Sponsored By

Making Code Harder to Read by Attackers Can Make Injections Less Likely

It's one of way of stopping formjackers making off with customers' credit card details.

Larry Loeb

September 3, 2019

2 Min Read

In Plain Sight II: On the Trail of Magecartwas a white paper commissioned by Arxan Technologies and produced by Aite Group. It says that its purpose is to demonstrate the massive attack surface created by electronic commerce (e-commerce) web applications that aren't being properly secured.

This lack in in-app security makes web apps vulnerable to a type of cyber attack called formjacking. Formjacking is a type of breach, where attackers inject the e-commerce checkout form with malicious code that sends buyers' credit card information to an offsite server under the hackers' control.

Eighty compromised servers were analyzed as part of this research. The companies were located in the US, Canada, Europe, Latin America and Asia.

Formjacking code is employed on the server side and executed as JavaScript in the victim's web browsers on the client side. On the web server running the e-commerce website itself is where the malicious code is inserted and renders/executes in the web browser of the victim.The credit card details are then sent from the victim's computer to the staging server owned by the attacker.

The white paper recommends some overall solutions. First is a well-documented and regularly updated vulnerability and patch management process that includes regular patching of, updates to, and penetration testing of the company's e-commerce site(s).

Second is in-app protection which implements code obfuscation and white-box cryptography to make the web forms unreadable to the adversary. This stops the adversary from injecting their field-stealing JavaScript code by making the resident code unreadable to the attacker.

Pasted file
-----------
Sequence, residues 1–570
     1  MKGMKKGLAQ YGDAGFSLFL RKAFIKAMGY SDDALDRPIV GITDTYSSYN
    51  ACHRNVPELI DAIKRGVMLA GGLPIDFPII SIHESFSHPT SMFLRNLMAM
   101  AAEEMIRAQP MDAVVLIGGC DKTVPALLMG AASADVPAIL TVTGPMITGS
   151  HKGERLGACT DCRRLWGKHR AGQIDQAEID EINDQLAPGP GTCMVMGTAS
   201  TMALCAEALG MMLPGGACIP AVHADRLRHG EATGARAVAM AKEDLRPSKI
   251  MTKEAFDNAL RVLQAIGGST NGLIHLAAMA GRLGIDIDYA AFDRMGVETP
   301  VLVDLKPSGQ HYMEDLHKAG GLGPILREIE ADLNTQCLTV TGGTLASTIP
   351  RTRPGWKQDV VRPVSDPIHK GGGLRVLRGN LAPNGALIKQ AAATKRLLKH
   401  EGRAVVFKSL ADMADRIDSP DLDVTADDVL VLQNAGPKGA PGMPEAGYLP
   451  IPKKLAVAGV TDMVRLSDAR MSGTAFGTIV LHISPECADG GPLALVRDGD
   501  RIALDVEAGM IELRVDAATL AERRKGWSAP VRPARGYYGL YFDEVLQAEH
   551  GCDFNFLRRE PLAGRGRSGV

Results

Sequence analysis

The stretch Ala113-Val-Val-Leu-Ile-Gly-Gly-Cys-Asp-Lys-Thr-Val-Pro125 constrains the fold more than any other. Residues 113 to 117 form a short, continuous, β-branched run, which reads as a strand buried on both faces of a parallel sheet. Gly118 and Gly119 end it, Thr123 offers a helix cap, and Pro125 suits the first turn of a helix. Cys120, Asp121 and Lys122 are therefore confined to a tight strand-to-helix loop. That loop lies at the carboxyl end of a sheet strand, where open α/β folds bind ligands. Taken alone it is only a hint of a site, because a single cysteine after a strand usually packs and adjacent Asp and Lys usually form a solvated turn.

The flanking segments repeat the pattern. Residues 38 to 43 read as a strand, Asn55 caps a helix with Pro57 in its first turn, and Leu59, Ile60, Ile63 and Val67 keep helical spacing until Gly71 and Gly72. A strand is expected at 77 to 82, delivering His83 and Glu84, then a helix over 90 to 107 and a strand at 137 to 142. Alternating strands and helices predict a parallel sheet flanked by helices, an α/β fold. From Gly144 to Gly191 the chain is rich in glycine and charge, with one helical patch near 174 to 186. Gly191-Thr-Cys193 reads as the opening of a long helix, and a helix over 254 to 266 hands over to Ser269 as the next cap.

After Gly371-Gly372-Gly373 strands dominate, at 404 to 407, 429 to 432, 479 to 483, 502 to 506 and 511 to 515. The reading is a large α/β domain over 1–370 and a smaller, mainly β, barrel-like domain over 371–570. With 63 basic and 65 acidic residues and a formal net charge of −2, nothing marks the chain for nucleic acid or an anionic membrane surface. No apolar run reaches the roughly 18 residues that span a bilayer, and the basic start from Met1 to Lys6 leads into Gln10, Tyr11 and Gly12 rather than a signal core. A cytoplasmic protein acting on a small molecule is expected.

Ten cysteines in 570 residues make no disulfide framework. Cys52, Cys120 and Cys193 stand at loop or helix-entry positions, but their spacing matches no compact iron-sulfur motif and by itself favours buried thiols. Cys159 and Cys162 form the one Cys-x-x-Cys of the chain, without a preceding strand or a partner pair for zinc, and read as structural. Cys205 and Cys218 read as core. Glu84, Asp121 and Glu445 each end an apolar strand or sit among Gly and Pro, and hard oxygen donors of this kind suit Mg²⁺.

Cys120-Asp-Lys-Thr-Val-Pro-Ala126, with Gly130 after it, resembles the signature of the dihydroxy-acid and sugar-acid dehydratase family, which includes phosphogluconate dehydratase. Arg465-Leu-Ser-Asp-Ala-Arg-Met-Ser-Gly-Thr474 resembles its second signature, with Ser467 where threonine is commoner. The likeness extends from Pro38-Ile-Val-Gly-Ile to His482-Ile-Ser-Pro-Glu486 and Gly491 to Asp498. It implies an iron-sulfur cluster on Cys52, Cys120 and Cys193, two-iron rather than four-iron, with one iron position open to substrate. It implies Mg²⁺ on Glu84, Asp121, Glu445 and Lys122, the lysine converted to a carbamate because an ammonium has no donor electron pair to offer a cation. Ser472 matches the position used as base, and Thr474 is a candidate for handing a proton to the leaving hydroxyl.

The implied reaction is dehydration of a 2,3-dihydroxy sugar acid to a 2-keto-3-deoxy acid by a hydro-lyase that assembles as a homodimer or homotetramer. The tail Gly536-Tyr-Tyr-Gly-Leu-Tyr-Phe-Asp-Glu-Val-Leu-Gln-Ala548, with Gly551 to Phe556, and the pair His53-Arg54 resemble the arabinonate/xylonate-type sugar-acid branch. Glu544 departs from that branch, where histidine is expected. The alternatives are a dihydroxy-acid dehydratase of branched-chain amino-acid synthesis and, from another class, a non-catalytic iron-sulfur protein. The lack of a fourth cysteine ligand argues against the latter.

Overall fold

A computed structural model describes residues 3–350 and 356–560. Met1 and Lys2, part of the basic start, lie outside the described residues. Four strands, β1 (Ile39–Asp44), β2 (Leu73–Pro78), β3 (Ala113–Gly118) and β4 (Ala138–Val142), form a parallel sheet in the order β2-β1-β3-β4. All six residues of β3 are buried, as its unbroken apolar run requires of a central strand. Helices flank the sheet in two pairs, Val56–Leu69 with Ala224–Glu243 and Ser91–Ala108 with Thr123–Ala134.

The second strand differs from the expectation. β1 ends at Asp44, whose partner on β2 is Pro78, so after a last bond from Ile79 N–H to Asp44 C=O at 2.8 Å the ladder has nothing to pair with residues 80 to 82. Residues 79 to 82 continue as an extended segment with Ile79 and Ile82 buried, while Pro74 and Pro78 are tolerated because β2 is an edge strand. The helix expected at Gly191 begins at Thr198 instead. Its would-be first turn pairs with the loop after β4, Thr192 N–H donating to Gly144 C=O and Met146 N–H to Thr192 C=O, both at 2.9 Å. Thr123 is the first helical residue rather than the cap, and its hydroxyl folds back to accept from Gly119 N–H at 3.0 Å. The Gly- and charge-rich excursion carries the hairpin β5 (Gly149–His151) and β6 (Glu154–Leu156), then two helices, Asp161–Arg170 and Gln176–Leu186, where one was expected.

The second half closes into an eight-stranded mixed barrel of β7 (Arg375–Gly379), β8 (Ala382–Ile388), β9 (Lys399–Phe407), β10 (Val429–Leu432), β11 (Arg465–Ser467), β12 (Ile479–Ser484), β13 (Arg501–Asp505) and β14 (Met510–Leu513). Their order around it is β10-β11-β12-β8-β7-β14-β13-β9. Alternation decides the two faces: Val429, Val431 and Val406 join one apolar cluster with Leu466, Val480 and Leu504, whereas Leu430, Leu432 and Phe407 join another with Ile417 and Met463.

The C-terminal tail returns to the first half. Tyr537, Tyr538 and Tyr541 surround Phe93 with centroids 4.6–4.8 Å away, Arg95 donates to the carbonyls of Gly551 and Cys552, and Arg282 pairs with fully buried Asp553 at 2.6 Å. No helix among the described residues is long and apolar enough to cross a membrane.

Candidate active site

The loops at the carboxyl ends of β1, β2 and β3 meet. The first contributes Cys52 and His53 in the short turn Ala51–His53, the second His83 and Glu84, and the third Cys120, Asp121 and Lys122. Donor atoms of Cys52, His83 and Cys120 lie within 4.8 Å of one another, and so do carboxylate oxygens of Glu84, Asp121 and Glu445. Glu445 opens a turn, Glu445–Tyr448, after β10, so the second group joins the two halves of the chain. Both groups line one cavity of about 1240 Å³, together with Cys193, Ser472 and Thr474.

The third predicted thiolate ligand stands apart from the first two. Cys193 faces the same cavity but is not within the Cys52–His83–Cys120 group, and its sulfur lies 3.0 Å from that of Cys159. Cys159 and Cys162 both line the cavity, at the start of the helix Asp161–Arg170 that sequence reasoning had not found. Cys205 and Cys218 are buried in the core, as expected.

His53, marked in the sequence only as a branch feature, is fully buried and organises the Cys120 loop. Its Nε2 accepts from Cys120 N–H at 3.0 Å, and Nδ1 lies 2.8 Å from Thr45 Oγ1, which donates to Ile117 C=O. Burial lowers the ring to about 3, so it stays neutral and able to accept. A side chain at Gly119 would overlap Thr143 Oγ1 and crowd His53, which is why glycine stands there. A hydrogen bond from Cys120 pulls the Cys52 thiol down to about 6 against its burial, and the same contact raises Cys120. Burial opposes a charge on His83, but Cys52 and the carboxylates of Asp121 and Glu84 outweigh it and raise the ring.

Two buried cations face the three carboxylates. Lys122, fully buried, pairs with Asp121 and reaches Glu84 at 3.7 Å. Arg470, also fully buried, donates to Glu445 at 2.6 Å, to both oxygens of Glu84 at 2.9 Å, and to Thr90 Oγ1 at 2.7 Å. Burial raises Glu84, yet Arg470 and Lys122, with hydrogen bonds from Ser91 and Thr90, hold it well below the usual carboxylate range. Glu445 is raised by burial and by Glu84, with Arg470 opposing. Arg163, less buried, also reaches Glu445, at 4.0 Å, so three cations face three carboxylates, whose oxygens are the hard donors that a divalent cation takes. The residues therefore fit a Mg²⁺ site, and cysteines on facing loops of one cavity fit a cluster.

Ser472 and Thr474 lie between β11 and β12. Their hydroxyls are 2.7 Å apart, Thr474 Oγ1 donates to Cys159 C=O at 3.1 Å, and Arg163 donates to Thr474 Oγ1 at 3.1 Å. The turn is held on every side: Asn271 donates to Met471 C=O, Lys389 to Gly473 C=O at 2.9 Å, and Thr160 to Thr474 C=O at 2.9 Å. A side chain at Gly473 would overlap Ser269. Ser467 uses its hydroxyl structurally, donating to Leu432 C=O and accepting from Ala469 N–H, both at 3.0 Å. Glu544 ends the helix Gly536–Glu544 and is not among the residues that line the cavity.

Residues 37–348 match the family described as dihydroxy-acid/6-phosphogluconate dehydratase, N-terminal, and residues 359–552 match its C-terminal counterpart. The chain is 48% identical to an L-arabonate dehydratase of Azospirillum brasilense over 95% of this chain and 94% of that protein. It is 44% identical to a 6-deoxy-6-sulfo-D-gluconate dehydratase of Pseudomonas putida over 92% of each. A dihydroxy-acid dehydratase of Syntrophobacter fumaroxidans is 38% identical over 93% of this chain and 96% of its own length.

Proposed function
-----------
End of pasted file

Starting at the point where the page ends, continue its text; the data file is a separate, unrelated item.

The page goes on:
Because obfuscated code can be de-obfuscated, it's also wise to adopt solutions that implement multiple layers of security, such as detection of code tampering and analysis, an active response that shuts a browser down upon detection of formjacking, and threat detection along with real-time alerting and response -- not just obfuscation.

E-commerce sites can also monitor traffic to ensure the web server is not initiating outbound connections. This should never happen under normal operating conditions, except for legitimate program updates. Deepak Patel, vice president and security evangelist with PerimeterX, commented on the situation to Security Now.

"The modern web application stack relies on third-party scripts obtained from a variety of providers, not all of whom have strong security practices," he said. "Website owners lack visibility into the third-party scripts running on the users' browsers within the context of their site. Many website owners are also unaware of all the first-party scripts running on their site. In addition to staying up to date with the latest versions of your critical platform components, website owners need to take another step: get visibility and control of all the scripts running on your website, whether first- or third-party or another part of the supply chain."

— Larry Loeb has written for many of the last century's major "dead tree" computer magazines, having been, among other things, a consulting editor for BYTE magazine and senior editor for the launch of WebWeek.

Read more about:

Security Now

About the Author(s)

Larry Loeb

Blogger, Informationweek

Larry Loeb has written for many of the last century's major "dead tree" computer magazines, having been, among other things, a consulting editor for BYTE magazine and senior editor for the launch of WebWeek. He has written a book on the Secure Electronic Transaction Internet protocol. His latest book has the commercially obligatory title of Hack Proofing XML. He's been online since uucp "bang" addressing (where the world existed relative to !decvax), serving as editor of the Macintosh Exchange on BIX and the VARBusiness Exchange. His first Mac had 128 KB of memory, which was a big step up from his first 1130, which had 4 KB, as did his first 1401. You can e-mail him at [email protected].

Keep up with the latest cybersecurity threats, newly discovered vulnerabilities, data breach information, and emerging trends. Delivered daily or weekly right to your email inbox.

You May Also Like


More Insights